The ASF is divided into regional Standby Forces (SFs), which fall under the command and control of one of five regional economic blocs: North African Regional Capability (NARC) SF; Economic Community of West African States (ECOWAS) SF; Economic community of Central African States (ECCAS) SF, known in French as FOMAC; Eastern African (EA); and Southern African Development Community (SADC) SF. At full strength – if sufficient funds are available – the SFs are projected to be each of division size, comprising some 10,000 soldiers each, usually divided into about four brigades, including motorised infantry (infantry transported into battle by trucks), mechanised infantry (infantry transported into battle by armoured personnel carriers), artillery (field guns, mortars, rocket batteries and air defence), command (ASF Field HQ), and support (logistics, engineers, medics and signals). Being too heavy for rapid deployment, there will be no tanks, but this role will be performed by armoured fighting vehicles. Ideally, these ground forces would be given air superiority by attack helicopters such as the South African Rooivalk which used their 70mm rockets under UN mandate to great effect against M23 rebels in the eastern DRC in November 2013. 
In addition, said Addis Ababa-based ASF training officer Assistant Commissioner Dr Sayibu Gariba of Sierra Leone, each SF division would have about 1,000 police and civilian personnel attached: the police units being “self-contained with riot-control, canine, SWAT, intelligence, facility guarding and VIP protection capabilities, plus police investigators who gather evidence of mass graves and human rights violations; the civilians would include humanitarian aid workers, as well as political and civil affairs personnel.”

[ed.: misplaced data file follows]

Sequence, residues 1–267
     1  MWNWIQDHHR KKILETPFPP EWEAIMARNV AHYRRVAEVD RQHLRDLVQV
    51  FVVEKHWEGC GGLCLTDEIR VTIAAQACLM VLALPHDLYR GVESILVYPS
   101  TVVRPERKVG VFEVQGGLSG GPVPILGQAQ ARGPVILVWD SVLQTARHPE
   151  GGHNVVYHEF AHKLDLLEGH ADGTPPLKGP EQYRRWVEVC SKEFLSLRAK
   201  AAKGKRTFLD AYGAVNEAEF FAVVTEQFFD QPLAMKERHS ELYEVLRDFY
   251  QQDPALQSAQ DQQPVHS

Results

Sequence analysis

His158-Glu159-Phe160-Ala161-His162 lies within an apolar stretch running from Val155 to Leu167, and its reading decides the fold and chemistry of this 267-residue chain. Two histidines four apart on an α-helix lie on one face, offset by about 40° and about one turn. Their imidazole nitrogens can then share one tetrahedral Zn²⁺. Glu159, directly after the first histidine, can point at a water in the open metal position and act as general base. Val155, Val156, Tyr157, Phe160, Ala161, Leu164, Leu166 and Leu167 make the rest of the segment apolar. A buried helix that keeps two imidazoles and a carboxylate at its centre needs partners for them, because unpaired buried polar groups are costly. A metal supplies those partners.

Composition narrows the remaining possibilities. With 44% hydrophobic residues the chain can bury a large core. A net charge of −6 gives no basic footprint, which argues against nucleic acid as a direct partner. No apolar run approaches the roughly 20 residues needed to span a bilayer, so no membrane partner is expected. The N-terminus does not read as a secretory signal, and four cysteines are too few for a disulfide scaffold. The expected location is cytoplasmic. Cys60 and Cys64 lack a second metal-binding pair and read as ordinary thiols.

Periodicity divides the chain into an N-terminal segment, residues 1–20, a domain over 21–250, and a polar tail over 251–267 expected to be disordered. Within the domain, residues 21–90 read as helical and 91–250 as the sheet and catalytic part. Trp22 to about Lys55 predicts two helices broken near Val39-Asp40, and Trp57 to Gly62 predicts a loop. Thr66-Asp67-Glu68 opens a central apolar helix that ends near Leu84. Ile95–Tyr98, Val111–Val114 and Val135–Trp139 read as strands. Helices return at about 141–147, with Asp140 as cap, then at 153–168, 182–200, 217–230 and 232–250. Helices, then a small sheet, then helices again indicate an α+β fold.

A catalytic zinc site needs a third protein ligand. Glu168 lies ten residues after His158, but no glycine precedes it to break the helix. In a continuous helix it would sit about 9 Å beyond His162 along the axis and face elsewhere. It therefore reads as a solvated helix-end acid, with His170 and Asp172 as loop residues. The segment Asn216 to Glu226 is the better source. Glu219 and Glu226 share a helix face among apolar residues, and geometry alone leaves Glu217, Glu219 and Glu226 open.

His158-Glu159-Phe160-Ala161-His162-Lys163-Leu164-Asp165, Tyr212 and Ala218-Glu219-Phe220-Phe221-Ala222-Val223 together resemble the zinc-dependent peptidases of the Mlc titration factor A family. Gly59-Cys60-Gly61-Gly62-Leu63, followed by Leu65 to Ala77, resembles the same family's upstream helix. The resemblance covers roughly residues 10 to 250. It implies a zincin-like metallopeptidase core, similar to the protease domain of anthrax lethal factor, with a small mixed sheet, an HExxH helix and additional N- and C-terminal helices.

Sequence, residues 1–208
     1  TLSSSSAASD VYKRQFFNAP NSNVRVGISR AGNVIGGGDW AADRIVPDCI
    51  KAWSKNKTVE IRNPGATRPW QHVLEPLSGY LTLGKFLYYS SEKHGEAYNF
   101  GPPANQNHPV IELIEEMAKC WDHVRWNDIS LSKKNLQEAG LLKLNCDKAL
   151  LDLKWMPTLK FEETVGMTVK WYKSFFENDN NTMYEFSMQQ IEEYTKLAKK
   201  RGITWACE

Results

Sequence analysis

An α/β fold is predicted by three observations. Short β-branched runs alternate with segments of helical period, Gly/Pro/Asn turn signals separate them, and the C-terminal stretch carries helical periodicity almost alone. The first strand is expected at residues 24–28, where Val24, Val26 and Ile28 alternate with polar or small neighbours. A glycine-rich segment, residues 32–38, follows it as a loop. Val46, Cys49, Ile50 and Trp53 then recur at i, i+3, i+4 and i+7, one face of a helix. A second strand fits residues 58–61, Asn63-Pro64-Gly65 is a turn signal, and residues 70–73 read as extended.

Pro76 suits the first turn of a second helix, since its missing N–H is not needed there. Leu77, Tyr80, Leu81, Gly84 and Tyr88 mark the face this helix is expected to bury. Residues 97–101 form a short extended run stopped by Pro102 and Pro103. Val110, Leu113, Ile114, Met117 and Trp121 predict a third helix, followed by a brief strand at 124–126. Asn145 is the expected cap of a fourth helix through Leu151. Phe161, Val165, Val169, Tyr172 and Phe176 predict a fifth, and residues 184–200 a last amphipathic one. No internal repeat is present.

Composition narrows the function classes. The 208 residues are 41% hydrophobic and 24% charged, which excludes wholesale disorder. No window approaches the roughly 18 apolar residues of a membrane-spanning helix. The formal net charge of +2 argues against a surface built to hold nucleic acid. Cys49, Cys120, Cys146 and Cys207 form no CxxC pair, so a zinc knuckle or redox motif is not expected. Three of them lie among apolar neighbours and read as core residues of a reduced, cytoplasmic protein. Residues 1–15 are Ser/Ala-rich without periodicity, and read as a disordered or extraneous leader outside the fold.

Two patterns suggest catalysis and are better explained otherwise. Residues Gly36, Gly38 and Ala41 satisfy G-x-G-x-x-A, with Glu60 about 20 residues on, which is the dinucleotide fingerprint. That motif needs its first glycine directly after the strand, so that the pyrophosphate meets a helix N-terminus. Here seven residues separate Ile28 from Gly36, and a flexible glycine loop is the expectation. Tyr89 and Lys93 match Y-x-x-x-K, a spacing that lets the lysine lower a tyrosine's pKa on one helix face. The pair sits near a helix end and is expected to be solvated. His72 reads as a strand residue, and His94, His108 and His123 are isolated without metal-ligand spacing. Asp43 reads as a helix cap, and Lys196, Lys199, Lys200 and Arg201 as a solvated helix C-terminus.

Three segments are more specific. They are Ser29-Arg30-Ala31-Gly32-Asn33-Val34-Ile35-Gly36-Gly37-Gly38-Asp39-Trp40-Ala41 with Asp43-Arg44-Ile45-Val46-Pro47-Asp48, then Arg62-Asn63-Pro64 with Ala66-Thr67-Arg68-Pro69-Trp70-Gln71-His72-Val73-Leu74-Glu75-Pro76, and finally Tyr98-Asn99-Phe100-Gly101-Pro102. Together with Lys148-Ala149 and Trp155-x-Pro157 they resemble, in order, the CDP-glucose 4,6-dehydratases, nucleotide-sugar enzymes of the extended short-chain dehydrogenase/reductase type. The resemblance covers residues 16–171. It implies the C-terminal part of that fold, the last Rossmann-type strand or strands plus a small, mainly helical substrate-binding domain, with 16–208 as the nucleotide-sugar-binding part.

At the moment, the ASF is 90% funded by AU partners such as the UN, the EU, and countries such as the UK, the USA and Kenya, but the AU has proposed to the UN that the ASF in the immediate future be 25% AU-funded and 75% UN-funded, with the intention for it to be gradually weaned off UN support, said the African Union’s head of peace support operations, Sivuyile Bam. One of the ASF field commanders warned that some legal, procedural wrangles lay ahead before the ASF could be fully operational – to achieve which Bam said that the total bill would amount to US$2-billion. The advantage of the ASF over UN peacekeeping operations, he said, was that while the UN took about nine months to deploy, as a pre-existing force, the ASF could deploy within two weeks, but he admitted that maintaining the force on standby and supplying it in the field were challenges still to be met.